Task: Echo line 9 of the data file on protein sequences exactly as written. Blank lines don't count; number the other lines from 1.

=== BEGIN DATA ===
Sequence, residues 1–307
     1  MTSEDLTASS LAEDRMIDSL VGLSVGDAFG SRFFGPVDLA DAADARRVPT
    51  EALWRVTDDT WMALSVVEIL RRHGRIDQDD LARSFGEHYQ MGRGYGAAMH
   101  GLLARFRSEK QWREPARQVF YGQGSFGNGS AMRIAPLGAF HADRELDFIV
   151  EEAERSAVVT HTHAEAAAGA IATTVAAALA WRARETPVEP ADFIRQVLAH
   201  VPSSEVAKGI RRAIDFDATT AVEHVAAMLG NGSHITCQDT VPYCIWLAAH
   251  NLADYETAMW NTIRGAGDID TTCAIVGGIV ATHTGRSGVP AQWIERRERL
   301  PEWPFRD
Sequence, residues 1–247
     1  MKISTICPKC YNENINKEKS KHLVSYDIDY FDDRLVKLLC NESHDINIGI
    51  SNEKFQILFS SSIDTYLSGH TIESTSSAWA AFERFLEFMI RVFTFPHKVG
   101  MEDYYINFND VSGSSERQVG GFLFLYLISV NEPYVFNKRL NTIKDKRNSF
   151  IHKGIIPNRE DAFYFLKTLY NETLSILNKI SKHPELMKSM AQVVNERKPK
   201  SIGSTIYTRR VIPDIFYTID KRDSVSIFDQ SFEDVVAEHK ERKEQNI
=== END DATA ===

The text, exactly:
Sequence, residues 1–247